Mt Pleasant News
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Wash Journal   Fairfield Ledger
Neighbors Growing Together | Nov 24, 2017

Soldiers lend hand in filling those holiday menus

Oct 23, 2017
Photo by: Brooks Taylor Approximately 60 soldiers from the Mt. Pleasant and Iowa City National Guard armories and other participated in an eight-mile “ruck” march and delivered canned goods and other food items to the Fellowship Cup Saturday. The food was collected by New London and Mt. Pleasant churches as well as canned food drives at Mt. Pleasant and New London High Schools.

By Brooks Taylor, Mt. Pleasant News

 

Some area resident will have an extra piece of pumpkin pie or another helping of corn this holiday season, thanks to the efforts of area churches, students and staff at Mt. Pleasant Community and New London High Schools and the Iowa National Guard.

Soldiers, mostly high-school students, training at the Mt. Pleasant and Iowa City National Guard armories, participated in an eight-mile “ruck march” Saturday which ended with a gigantic food drop at the Fellowship Cup in Mt. Pleasant. Some 60 soldiers participated in the march, according to MSgt. Jesse Howard of New London, who organized the event.

A ruck march is a type of physical activity that consists of soldiers wearing a “ruck sack”, or back pack as commonly known, and walking for a known distance.

“This is a skill that is taught to soldiers in order to achieve the goal of getting their gear from one place to another when a vehicle is not present to carry it,” Howard explained, adding that there are several ruck marches annually.

He said the event came together rather quickly, “Honestly, this came together so much bigger than initially expected,” Howard reflected. “The response from the communities has been incredible. The United and Presbyterian churches have gone way above and beyond expectations to support this cause. This has been an opportunity for students to learn about the importance of giving back to others and helping families in Henry County. What started out as a dream became a reality.”

Soliders bought in hook, line and sinker. Sean Zimmer, a senior at Washington High School, said he was glad to be given the chance to help. “This was for a really good cause.”

Although temperatures were in the upper 70s, the soldiers said the weather was not a factor. “We had quite a few ruck marches in basic training,” remembered Christian Schwenker, a senior at Burlington Notre Dame. “We usually are weighted down with 60 pounds and today the load was lighter. I didn’t think the march or the temperature was difficult…Anytime you can help people out it is worth it. I am an Eagle scout and used to helping people out. It gives me a good feeling to make a difference.”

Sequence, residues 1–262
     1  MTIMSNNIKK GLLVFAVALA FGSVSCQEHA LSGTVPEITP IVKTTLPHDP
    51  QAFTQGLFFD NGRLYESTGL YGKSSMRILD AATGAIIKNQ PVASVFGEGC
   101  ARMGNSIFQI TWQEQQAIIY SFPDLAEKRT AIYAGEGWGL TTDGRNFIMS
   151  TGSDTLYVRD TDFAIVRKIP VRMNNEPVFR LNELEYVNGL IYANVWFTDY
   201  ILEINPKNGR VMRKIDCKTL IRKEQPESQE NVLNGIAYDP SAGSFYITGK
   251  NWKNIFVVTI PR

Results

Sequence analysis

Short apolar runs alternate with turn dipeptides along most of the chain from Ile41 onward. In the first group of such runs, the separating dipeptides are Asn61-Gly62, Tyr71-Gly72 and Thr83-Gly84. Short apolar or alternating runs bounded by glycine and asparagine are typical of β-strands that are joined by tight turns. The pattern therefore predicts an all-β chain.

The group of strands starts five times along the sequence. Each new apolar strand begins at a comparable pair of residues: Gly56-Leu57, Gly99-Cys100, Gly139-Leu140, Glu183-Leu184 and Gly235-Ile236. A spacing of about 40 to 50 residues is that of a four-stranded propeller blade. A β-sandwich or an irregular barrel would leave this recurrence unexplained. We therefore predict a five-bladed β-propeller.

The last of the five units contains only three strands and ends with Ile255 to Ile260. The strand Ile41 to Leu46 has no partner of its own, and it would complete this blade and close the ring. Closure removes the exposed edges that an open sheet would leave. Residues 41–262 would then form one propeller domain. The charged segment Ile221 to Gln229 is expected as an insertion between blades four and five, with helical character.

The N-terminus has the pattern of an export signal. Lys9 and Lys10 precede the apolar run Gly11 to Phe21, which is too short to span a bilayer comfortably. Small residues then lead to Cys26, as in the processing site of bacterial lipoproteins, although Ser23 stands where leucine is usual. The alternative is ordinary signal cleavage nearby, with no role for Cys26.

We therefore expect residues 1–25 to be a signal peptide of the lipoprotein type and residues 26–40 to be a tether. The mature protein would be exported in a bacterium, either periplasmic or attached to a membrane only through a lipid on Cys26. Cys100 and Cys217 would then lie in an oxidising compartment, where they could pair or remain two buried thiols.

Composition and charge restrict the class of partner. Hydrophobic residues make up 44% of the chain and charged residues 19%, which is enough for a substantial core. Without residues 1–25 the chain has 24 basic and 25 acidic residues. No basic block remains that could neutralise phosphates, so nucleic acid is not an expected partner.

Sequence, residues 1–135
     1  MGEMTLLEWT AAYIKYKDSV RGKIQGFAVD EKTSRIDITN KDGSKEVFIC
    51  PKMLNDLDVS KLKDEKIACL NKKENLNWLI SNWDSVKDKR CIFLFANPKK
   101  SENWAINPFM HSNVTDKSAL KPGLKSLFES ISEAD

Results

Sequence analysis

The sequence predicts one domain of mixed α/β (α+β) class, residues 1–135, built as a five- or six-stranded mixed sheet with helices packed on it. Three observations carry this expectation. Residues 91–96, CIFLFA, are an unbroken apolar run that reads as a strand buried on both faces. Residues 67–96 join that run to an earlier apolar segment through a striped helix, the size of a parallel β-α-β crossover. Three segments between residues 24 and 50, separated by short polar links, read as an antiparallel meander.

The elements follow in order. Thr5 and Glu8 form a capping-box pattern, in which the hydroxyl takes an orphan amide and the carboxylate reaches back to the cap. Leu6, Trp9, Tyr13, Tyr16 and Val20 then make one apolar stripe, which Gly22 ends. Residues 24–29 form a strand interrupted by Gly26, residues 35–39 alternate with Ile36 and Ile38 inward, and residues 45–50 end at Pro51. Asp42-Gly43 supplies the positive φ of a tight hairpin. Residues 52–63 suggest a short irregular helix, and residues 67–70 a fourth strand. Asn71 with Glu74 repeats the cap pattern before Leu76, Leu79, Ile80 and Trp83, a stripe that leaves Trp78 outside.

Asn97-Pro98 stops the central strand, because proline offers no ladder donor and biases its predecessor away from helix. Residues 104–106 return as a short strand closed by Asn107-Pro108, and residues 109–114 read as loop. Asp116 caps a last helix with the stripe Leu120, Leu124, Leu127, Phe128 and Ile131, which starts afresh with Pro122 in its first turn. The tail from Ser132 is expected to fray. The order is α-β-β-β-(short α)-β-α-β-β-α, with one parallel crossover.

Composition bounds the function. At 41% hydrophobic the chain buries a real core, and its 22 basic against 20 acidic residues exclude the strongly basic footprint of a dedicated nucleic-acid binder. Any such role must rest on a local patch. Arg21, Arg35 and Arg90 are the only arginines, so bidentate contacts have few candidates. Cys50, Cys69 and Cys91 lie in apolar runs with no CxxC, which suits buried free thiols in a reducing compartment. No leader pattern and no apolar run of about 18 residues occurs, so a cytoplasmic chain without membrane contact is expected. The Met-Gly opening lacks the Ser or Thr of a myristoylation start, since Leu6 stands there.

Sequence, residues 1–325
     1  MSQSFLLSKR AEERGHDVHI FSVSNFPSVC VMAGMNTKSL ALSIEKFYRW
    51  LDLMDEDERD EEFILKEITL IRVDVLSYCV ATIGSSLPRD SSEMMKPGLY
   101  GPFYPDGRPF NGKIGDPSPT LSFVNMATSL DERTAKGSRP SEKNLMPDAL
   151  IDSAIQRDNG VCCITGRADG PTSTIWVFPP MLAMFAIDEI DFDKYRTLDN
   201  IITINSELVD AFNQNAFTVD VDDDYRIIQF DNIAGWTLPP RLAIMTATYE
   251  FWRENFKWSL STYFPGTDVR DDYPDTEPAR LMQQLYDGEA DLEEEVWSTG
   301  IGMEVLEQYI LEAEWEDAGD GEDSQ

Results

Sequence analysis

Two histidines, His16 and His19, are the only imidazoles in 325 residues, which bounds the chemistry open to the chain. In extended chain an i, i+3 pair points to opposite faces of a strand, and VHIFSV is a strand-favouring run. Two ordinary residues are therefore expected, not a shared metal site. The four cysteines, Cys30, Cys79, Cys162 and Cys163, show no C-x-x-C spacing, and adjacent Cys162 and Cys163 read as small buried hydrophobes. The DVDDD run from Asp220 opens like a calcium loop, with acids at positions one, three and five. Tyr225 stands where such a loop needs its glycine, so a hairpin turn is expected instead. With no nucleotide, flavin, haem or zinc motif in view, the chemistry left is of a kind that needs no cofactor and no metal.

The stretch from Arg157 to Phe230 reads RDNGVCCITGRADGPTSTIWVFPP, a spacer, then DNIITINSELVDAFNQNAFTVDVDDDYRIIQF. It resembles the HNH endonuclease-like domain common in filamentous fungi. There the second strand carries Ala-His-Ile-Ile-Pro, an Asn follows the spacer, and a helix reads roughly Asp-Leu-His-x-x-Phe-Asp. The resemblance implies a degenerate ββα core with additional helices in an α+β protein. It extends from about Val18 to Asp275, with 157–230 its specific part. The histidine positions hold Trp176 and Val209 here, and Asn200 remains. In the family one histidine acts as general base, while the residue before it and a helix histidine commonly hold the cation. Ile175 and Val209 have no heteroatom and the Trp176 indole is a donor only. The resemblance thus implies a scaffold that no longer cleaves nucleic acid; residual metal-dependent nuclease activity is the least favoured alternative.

Izzy Steele, a senior at Lisbon High School agreed. “I thought the march went well. When we started doing cadence, it made it better. I think what we were doing was awesome. To help somebody else out makes me feel good.”

Jacob Castenada, of Burlington, said he felt like it was a cool day. He said the mission lifted his spirits. “It feels great that we can help people that otherwise might not have a good holiday. I see it kind of synonymous with our purpose and that is service, whether it be to our country or others.”

The event was meant to serve two purposes, Howard said — to raise awareness and provide canned food items to the Fellowship Cup. He said the canned food drive was intended to provide a food supply for the Fellowship Cup for the Thanksgiving holiday, “The canned goods will benefit families across all of Henry County who request assistance for the holiday season.”

Participating churches included the United Methodist and Presbyterian in New London and FCOC in Mt. Pleasant.

Howard said the Fellowship Cup was chosen as the recipient because they house the food pantry for Henry County. He commented that the idea for the undertaking came to him while sitting in church about a year ago. “I felt the calling to help arrange a way to raise awareness within New London and Mt. Pleasant to build a supply of canned food for the Fellowship Cup.

“Upon talking to Fellowship Cup Director Ken Brown he requested that we do it before Thanksgiving because that is typically a holiday that donations are not as large (as they are for other holidays),” Howard added.

He emphasized that the Guard’s role was as a messenger. “We just implemented our physical routine into helping out the community. The churches and the school districts played a far more important role to help raise awareness and fill the food pantry at the Fellowship Cup.”

Howard also thanked county, Mt. Pleasant and New London law enforcement as well as EMTs for their assistance in the march.

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